Kentucky Lock at Mile 22.4 on the Tennessee River reopened at 6 p.m. June 15 after being closed since June 11 when a barge sank in the chamber.
Salvage operations began June 14 and took two days, said Caleb Skinner, navigation manager for the Nashville Engineer District. The barge came to rest upright on the chamber floor, he said. Crews had to pump out water along with the approximately 2,000 tons of gravel it was carrying to float it again.
At 7:30 a.m. June 11, the mv. Amy Gattle, owned by Terral RiverService of Lake Providence, La., was downbound with 15 barges loaded with rock. It was making the first cut of a double locking with nine barges in the chamber.
“In the process of locking, their port stern barge rested on the miter sill of the lock and in so doing caused the head of the barge to submerge, causing it to take on water and subsequently sink,” Skinner said.
No one was hurt, and no damage was done to the lock, he said. The Corps of Engineers is investigating what caused the barge to come to rest on the sill.
The chamber was immediately closed, and all traffic was rerouted through Barkley Dam on the Cumberland River. The Tennessee and Cumberland rivers are linked by a canal. Heather King, public affairs specialist with the Nashville Engineer District, pointed out that Kentucky Lock had already been scheduled for a full closure June 13-15 with a daytime-hours closure afterward to continue through June 30.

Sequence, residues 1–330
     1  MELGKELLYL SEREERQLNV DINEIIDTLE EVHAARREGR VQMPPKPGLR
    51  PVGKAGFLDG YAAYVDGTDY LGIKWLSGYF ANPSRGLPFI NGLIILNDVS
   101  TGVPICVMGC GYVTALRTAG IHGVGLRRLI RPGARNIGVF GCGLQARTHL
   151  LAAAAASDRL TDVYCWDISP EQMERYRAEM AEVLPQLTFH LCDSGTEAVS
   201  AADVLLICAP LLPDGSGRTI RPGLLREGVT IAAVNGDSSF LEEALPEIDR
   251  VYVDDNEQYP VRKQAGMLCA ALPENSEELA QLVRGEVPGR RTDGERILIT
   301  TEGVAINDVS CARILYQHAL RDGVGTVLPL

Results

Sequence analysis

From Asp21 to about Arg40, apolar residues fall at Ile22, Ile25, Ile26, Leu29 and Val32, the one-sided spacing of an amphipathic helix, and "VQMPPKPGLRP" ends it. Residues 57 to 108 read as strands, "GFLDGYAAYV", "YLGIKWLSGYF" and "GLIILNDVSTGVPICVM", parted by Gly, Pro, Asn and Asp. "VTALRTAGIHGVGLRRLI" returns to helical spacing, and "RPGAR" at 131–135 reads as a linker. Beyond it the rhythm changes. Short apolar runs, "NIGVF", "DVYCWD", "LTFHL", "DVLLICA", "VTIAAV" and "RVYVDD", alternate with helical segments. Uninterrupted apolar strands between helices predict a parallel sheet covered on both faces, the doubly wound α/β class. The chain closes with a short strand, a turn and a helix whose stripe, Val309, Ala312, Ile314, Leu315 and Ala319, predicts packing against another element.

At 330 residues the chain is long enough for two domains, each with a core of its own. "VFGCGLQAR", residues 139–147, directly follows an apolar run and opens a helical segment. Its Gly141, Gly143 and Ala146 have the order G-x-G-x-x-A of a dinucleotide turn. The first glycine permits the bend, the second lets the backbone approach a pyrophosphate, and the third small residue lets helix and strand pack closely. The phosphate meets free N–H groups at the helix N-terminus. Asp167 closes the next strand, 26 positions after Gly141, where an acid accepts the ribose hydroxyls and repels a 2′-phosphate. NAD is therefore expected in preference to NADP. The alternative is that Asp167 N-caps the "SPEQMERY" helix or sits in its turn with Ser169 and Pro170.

“Although it’s an inconvenience, the timing could not be more perfect because the lock was already going to be closed,” King said.
Those closures were to paint the upper gates and then to replace the armor plating on the floating boom wall. That work was still scheduled to take place, Skinner said.
Caption for photo: Crews work to lighter a barge loaded with rock that sank in Kentucky Lock. (Photo by Heather King, Nashville Engineer District)